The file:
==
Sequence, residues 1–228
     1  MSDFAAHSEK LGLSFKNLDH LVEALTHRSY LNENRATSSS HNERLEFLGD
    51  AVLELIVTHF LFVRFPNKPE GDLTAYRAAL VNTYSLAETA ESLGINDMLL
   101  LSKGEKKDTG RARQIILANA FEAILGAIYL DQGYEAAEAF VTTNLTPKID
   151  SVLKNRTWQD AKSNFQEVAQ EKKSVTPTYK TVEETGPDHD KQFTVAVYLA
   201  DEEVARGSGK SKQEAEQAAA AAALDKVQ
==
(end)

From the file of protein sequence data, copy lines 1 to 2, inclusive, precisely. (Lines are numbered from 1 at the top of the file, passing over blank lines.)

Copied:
Sequence, residues 1–228
     1  MSDFAAHSEK LGLSFKNLDH LVEALTHRSY LNENRATSSS HNERLEFLGD